Over the next three years, GE Global Research will build and test an ultrasound probe and measurement techniques to monitor how the spaceflight affects astronauts' vision. The probe, smaller than what is on the market, It is being designed to deliver real-time, three-dimensional pictures, showing the entire globe of the eye and any potential changes in the structure and function of the eye. NASA wants a tool that "can be used to monitor astronauts, in-flight, to watch for changes in eye structure and how the eye functions,” said Aaron Dentinger with the Ultrasound Systems Lab at GE Global Research. “The goal is to develop a new ultrasound probe that has the ability to take an entire volume of the eye with a single scan.”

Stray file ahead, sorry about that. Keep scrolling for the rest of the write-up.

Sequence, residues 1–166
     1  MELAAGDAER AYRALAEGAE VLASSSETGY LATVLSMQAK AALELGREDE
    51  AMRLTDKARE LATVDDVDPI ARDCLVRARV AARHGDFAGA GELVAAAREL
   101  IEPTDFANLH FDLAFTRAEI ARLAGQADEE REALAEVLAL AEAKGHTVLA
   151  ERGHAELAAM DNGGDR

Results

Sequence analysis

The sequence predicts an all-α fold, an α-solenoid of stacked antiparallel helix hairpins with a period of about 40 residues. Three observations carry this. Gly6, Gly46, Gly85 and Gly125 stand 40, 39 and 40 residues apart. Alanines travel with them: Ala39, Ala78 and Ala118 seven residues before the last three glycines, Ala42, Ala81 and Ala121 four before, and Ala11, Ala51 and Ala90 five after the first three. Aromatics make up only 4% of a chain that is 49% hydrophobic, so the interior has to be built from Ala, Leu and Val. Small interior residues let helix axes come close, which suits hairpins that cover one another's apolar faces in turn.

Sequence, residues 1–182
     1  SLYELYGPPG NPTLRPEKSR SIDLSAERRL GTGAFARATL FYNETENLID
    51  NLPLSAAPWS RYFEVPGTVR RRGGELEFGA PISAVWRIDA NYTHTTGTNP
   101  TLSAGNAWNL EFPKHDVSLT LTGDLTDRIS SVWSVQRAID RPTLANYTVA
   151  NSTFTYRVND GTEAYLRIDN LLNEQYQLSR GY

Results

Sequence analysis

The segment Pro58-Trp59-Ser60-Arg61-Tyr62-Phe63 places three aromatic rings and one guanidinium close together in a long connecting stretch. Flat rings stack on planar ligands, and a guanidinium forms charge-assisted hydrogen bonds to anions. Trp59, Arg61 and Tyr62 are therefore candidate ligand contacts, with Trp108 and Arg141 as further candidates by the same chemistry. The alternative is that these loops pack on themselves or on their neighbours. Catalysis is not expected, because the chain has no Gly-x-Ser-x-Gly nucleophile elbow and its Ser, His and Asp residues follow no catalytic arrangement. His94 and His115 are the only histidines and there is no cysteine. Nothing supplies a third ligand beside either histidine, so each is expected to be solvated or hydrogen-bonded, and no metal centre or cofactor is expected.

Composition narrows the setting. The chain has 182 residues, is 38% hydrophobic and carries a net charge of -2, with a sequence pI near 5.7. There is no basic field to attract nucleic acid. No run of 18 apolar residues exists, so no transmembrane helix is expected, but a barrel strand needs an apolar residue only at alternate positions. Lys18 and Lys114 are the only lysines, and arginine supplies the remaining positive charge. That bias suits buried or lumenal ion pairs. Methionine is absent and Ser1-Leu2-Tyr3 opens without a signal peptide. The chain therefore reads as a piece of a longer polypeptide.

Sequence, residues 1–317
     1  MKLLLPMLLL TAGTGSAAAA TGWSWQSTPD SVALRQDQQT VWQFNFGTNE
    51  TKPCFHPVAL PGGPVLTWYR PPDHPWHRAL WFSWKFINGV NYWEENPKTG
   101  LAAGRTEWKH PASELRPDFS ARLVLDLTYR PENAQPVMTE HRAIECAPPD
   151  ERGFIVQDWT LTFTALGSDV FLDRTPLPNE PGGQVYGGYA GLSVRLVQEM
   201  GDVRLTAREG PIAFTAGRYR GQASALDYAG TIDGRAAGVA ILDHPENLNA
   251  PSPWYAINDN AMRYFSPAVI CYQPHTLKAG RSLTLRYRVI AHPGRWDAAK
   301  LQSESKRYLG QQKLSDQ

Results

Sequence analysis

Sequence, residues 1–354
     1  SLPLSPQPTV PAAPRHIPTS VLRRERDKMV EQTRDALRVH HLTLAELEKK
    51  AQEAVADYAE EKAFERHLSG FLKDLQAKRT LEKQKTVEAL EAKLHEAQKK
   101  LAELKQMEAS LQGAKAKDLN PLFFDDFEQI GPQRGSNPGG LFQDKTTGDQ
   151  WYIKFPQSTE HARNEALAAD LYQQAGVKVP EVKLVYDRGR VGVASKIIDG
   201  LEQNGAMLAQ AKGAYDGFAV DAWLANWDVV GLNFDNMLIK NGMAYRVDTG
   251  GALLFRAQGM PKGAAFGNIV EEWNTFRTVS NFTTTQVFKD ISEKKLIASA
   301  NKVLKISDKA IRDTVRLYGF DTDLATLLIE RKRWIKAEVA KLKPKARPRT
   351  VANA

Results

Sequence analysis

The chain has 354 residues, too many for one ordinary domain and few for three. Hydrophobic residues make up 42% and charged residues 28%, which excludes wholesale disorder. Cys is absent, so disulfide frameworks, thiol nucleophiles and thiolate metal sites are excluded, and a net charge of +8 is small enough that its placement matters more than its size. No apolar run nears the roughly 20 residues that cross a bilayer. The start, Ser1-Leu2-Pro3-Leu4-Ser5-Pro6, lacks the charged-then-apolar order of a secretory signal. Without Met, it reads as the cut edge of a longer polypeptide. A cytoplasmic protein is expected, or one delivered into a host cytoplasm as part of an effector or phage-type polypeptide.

At least seven astronauts, with
otherwise healthy eyes, returned to Earth and needed adjustments in
their prescription. For some, the vision loss lasts only a few
weeks; for others the condition persists much longer and may not
resolve. One possible cause for these symptoms is elevated intracranial
pressure from exposure to spaceflight.Read more. You can also search the blog (use the word astronauts as your keyword) for more articles about the impact of space travel on vision.